Will we ever see a nuke-free world?
Despite numerous calls and rhetoric to move towards global nuclear disarmament, no significant progress has been achieved to this day. Instead, all these efforts have met with a tragic end. The recent Stockholm International Peace Research Institute (SIPRI) report has shown a very dismal picture with regards to this.
All nine nuclear states are currently in possession of 16,300 nuclear weapons, which includes 4000 operational ones. P5 countries, which include the United States, China, Russia, France and the United Kingdom, are upgrading their nuclear arsenal and spending a hefty amount on the development of new weaponry systems. Though, we have seen a notable reduction in the US’s and Russia’s nuclear warheads, under the Strategic Arms Reduction Treaty (START), the role of nuclear weapons still holds a central place in their defence policies.
Changing global trends and strategic environments have always influenced regional dynamics. In South Asia, the arms race led by India, and followed closely by Pakistan, is detrimental to the people of both these countries. According to SIPRI data, India and Pakistan continue to develop new systems capable of delivering nuclear weapons and are expanding their capacities to produce fissile material for military purposes.
Massive inflow of high tech systems in the South Asian region and immense spending on nuclear arsenal have upset the fragile regional balance of power that existed between the two armed rivals a decade ago.
India’s introduction of new, limited war-fighting strategies, combined with the acquisition of the Ballistic Missile Defence System (BMD), induction of nuclear submarine, the INS Arihant, and massive increase in its defence spending – over $40 billion against Pakistan’s little over $7 billion – will have a long lasting impact on the prevailing delicate situation in South Asia.
Furthermore, Pakistan’s entire defence budget is almost the same as the Indian Navy’s, which is the smallest service among the armed forces of India. This will surely raise red flags in Pakistan.
Pakistan is trying to maintain a minimum ratio of its budget with regards to the Indian defence, because Pakistan’s economy has already suffered huge losses due to the US war on terror and the instability in Afghanistan. Investing more money for a ‘military cause’ will not be a smart move for the country. According to the Pakistan Economic Survey, the country has faced massive economic losses, amounting to over $102 billion in the last 13 years because of the war on terror.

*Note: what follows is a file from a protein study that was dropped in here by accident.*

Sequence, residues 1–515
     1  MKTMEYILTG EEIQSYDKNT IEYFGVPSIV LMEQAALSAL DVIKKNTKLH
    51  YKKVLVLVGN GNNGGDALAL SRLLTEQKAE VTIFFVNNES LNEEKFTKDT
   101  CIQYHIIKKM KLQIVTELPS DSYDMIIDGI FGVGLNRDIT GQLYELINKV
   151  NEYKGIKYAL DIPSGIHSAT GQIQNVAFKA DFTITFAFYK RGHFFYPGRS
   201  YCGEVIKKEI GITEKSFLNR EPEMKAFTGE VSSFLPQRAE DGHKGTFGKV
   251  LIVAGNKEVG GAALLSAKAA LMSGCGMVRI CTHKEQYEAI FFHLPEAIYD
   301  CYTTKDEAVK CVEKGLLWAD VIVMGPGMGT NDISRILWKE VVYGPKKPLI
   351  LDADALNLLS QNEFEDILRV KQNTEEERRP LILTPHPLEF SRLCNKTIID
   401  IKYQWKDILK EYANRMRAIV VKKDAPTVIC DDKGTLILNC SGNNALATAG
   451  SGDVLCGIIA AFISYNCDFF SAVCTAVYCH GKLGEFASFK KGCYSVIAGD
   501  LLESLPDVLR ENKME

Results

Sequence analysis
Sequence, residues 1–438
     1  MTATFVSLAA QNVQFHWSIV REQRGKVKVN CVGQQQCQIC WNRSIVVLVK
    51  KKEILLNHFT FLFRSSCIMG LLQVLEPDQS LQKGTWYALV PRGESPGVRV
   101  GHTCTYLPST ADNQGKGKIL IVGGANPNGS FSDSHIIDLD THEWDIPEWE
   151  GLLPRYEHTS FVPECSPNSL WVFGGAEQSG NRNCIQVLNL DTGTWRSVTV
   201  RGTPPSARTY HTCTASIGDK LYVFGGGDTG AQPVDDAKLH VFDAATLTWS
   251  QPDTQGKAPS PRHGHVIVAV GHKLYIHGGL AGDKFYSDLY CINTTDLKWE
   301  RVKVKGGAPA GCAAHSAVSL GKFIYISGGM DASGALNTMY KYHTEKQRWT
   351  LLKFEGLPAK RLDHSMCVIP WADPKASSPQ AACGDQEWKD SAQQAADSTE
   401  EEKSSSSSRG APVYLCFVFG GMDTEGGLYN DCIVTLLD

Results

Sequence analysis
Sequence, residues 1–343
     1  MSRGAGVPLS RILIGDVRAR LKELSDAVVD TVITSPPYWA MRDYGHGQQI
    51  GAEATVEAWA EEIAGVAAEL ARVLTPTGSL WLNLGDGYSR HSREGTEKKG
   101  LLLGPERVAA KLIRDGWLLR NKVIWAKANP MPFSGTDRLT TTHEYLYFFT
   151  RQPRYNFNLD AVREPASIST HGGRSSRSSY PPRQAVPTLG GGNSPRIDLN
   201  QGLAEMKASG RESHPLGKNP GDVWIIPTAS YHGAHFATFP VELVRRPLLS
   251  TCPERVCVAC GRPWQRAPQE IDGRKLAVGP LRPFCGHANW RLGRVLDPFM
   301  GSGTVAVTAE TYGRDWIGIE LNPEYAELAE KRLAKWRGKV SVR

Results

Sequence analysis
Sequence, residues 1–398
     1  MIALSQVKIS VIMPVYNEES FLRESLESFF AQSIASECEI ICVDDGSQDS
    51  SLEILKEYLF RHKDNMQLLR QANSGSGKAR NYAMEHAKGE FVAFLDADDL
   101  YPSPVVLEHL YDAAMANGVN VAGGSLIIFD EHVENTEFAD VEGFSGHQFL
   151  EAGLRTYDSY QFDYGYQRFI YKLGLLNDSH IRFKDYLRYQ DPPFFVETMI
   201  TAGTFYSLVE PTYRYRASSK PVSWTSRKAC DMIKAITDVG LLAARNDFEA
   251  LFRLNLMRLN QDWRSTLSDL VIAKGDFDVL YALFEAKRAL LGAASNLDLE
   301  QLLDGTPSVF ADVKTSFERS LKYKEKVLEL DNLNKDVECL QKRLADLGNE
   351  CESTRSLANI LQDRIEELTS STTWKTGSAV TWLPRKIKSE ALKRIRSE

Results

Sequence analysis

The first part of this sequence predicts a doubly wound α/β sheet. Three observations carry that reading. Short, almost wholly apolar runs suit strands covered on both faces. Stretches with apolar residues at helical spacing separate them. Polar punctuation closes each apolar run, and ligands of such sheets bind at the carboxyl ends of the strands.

Keeping in view the P5 nuclear states policies vis-à-vis nuclear disarmament, one can clearly notice that nuclear weapons will play a key role in their defence strategies for the foreseeable future. Complete or general disarmament will continue to be a dream and rhetoric to pacify the anxiety of non-nuclear states. Therefore, countries will keep on developing their nuclear arsenals, and eventually, Pakistan will feel obliged to follow suit and invest all its resources on increasing its nuclear assets. And if the country faces another loss due to some kind of conflict, its economy might not be able to get back on its feet.
These global trends have casted deep shadows on the security of South Asia and other regions close by. It is imperative for the P5 to reduce the role of nuclear weapons in their defence strategies and security calculus. Also, to address the critical issue of nuclear disarmament, negative security and prevention of an arms race in outer space (PAROS), the countries need to work upon and propose effective policies to handle these aspects.
Additionally, it would be prudent for the US and China to take leading roles in ratifying the Comprehensive Nuclear Test Ban Treaty (CTBT) and consequently, paving the way for India, Pakistan, Israel and North Korea to ink the treaty. Ratification of the CTBT by nuclear states, including the US, China, India, Pakistan, Israel and DPRK will be counted as the first concrete step towards nuclear disarmament.
International peace and stability cannot be achieved unless legitimate nuclear states don’t fulfil the promises they made while formulating the Non-proliferation Treaty (NPT) and then again in 1995, at the time of indefinite extension of NPT.
The above-mentioned steps are crucial for the strategic stability and restoration of international confidence. These issues are very grave, and it is time for the P5 countries to prioritise and address them as soon as possible, lest this nuclear arms race becomes a race for nuclear destruction around the world.
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